Bonus: when you buy Green Mountain Farms Greek Cream Cheese, the package contains a $.55 coupon inside so be careful when you open it. I’ve torn the coupon each time and had to tape it together. An 8 oz bar costs $2.18 at Wal-Mart. Make sure you use your coupon!

Coupon

Coupon for Greek Cream Cheese

Two tablespoons of Green Mountain Farms Greek cream cheese is only 60 calories. Compare that to butter where two tablespoons is 200 calories! The cream cheese is a much healthier choice.

I couldn’t tell you what it tastes like plain because I “doctor” it up. Here is a delicious dip recipe that I created using most of the ingredients from the Philadelphia Jalapeno Cream Cheese label.

Ingredients

8 oz bar of Green Mountain Farms Greek Cream Cheese

¼ teaspoon onion powder

¼ teaspoon garlic powder

1 finely chopped Serrano pepper (I prefer Serrano to Jalapeno)

1 teaspoon vinegar

dash salt (optional)

dash sugar (optional)

Mash all together well. If the consistency is too thick, add a bit more vinegar. I didn’t add the salt or the sugar the first time I made it. I did the second time I made it and didn’t think there was any improvement so I will be leaving them out from now on. If you like things very hot, add the ribs of the Serrano pepper. When you’re done chopping, wash your hands very well. I washed my hands twice after making this dish. Later on, while watching TV, I rubbed my eyes and yes, they started burning from the pepper! I continuously rinsed my eyes with cold water until the burning stopped. Boy, that was a surprise! So heed the warning!

This cream cheese dip goes great with Sweet Potato and Onion Brown Rice Triscuits.

Now for the buttermilk news.

Did you know that a one-cup serving of Kroger’s Low Fat Buttermilk contains 40% calcium? I don’t know about you, but I don’t think of calcium when I think of buttermilk. And yet, I should! We should!

Alas, even low fat buttermilk contains 120 calories in a one-cup serving, more than Deans fat free milk which contains 90 calories. But the flavor can’t be matched. This product contains 25% Vitamin D, the same amount in Deans Fat Free Milk. But Deans Fat Free milk contains only 30% calcium, 10% less than the buttermilk.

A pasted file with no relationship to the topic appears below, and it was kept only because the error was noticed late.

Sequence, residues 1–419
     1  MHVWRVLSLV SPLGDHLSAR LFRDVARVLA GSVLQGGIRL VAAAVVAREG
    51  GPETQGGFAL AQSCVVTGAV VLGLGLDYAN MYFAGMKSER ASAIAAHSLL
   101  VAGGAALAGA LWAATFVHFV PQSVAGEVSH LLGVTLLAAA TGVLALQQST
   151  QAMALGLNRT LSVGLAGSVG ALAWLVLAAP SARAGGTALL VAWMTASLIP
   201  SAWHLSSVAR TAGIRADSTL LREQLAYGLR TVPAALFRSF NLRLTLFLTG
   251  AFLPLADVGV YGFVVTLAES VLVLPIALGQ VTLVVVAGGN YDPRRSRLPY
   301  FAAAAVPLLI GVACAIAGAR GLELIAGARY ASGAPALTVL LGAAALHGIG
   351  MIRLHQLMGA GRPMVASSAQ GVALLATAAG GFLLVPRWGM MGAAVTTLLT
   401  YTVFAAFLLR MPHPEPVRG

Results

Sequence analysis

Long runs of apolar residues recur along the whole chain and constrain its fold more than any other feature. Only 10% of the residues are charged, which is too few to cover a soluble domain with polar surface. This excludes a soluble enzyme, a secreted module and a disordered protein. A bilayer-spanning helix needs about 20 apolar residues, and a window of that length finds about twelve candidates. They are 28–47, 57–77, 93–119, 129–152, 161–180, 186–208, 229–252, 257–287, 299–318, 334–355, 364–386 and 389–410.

What can you do with buttermilk? You can make buttermilk biscuits. You can make buttermilk pancakes. (Oh, yum!) You can soak chicken in buttermilk which will tenderize it. And, you can make my Irish Soda Bread with it. Lately, I have been omitting one cup of flour from the Soda Bread recipe and adding 1 cup of Old Fashioned Oats instead. The oats have less calories than the flour and the taste is better. It’s also better for you with more fiber and more vitamins.

I now make the Oat Soda Bread recipe weekly. When I slice it, I slice 14 slices from one 9×5 loaf. Yes, I now use a loaf pan to make it. The calories vary depending on how much flour and buttermilk I use. This last time I used about 4 cups of flour, 1 cup of oats, and 2 cups of buttermilk. I buttered the pan with ½ T of butter. So, each slice was approximately 156 calories. I want to get the calories down on this recipe so I will be using less flour and less buttermilk next time and omitting the tablespoon of sugar.

It’s fun to play around with recipes, especially when it improves your health! I hope you enjoy good health with these calcium containing foods!

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NEW FOOD FRIDAY FLASH – SLIMCADO LITE

16 Oct

I’m always on the lookout for new food products and I came across this one at my local Kroger. For those of you who love avocadoes but hate the fat and the calories, this Slimcado has 50% less fat and 35% less calories than a regular avocado. Therefore, it is my choice for this month’s NEW FOOD FRIDAY FLASH.